Yoga Nidra is a Sanskrit word which translates as ‘Yogic Sleep.’
It is a technique in which we learn to relax consciously to a state of conscious sleep.
The aim is to unite your awareness with the act of sleeping. Externally, it may look like you are sleeping, but internally the awareness remains awake and you are conscious of the deeper layers of the mind.
A brief history
The Yoga Nidra we teach, was developed by Swami Satyananda Saraswati, who was a disciple of Swami Sivananda Saraswati of Rishikesh.
Swami Satyananda developed this practice from an ancient tantric technique, adapting it to the needs of people living in today’s modern society.
Over the years, therapists and other institutions have developed and created variations of Yoga Nidra. One example is the popular I-Rest technique, which was developed by psychologist Richard Miller, for the treatment of Post-Traumatic Stress Disorder (PTSD).
Why we practise Yoga Nidra
In today’s society, our way of living creates many different forms of tensions and anxieties.
We are constantly on the go, our sympathetic nervous system is permanently switched on, which means any stress and anxiety we endure creates tensions in our body, effecting our emotions and our mind.
Without managing our personal wellbeing, we are at risk of illness. Many diseases are related to tension of the body and mind.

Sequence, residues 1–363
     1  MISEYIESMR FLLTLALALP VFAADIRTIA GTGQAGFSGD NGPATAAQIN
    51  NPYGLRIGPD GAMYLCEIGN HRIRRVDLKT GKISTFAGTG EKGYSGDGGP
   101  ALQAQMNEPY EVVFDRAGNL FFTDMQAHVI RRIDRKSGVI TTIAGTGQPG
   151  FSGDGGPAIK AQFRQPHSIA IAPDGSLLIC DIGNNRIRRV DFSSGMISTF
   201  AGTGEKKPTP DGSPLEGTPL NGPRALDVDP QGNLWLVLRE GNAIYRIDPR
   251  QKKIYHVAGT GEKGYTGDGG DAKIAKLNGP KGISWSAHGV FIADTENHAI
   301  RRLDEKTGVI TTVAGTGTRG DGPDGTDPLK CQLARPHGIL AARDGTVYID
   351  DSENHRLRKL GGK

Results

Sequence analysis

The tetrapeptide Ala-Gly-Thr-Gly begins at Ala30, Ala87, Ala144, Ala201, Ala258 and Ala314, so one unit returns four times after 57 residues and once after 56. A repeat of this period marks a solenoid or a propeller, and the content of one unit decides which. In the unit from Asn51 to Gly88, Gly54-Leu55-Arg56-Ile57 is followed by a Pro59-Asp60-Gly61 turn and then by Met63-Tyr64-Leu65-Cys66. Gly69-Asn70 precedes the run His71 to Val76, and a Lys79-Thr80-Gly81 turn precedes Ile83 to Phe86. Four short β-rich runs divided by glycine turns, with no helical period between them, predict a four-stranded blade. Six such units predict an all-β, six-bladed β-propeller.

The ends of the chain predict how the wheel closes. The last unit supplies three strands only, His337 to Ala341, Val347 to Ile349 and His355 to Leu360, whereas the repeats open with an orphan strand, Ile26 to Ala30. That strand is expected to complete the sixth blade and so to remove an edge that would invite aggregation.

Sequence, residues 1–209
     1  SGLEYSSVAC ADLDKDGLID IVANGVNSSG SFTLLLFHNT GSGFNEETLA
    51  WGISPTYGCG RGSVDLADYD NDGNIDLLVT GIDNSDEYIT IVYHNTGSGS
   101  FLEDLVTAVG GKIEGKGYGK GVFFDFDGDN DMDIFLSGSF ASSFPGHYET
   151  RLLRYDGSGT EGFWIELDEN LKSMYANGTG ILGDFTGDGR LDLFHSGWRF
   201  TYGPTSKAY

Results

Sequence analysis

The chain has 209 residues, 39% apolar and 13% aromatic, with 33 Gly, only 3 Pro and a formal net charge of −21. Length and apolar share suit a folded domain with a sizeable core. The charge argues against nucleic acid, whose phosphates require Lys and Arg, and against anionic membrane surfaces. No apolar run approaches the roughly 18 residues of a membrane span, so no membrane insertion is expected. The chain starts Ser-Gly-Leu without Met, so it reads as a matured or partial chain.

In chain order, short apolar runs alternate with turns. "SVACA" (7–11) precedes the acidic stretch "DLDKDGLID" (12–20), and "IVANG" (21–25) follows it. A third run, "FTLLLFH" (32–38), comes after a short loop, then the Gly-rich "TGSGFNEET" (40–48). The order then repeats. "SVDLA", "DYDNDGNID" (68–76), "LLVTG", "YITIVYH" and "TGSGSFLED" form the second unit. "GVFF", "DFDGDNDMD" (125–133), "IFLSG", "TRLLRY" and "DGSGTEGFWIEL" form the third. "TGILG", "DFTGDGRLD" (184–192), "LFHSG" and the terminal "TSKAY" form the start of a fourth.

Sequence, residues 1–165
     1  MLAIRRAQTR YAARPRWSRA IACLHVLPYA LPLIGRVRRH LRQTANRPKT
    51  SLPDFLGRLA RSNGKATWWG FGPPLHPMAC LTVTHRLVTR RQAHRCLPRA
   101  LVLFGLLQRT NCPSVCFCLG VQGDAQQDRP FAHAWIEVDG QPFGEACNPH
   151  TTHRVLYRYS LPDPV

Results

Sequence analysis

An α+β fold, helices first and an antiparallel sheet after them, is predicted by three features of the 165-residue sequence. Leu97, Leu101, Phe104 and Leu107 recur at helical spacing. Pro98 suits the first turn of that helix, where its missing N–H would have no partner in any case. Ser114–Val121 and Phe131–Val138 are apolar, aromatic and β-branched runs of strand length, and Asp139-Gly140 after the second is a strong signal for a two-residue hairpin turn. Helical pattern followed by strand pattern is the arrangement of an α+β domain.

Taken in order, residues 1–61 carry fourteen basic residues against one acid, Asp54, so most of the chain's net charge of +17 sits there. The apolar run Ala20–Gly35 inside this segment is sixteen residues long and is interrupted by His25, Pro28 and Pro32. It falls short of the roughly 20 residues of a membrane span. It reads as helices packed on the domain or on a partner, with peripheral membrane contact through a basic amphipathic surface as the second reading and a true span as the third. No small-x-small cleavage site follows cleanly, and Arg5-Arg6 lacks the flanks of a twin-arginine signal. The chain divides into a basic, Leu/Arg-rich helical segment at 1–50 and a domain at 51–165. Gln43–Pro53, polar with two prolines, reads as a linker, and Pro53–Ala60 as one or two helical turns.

Through the regular practise of Yoga Nidra we learn how to relax and harmonise our own body and mind, creating balance between the sympathetic and parasympathetic systems. Inducing physical, emotional and mental relaxation.
How Yoga Nidra works
Yoga Nidra is a systematic practice that is generally practised in a quiet space from a laying down position, known as Shavasana, or the Corpse Pose. The duration is usually from twenty to forty minutes in length. In the full Satyananda Yoga Nidra® practice we teach, there are eight stages, of which there are four essential stages.
- body rotation
- breath awareness
Some compare Yoga Nidra with hypnosis, but this is wrong. In hypnosis we are not aware, the brain is completely shut down, during Yoga Nidra, we are aware and the brain is completely awake.
The awareness floats on the borderline between awake and sleeping, known as the hypnogogic state. Being in this state gives you access to your subconscious mind. And it’s there you come to know yourself.
The main requirements of the practice are to remain still and try not to fall asleep! And that you remain aware of the teacher’s voice and follow the instructions mentally. The awareness flows from body part to body part as the instructions are given.
It’s not long before Yoga Nidra becomes a firm favourite amongst students.
To read what others have said about this wonderful practice, you can read the blog Why we all love Yoga Nidra
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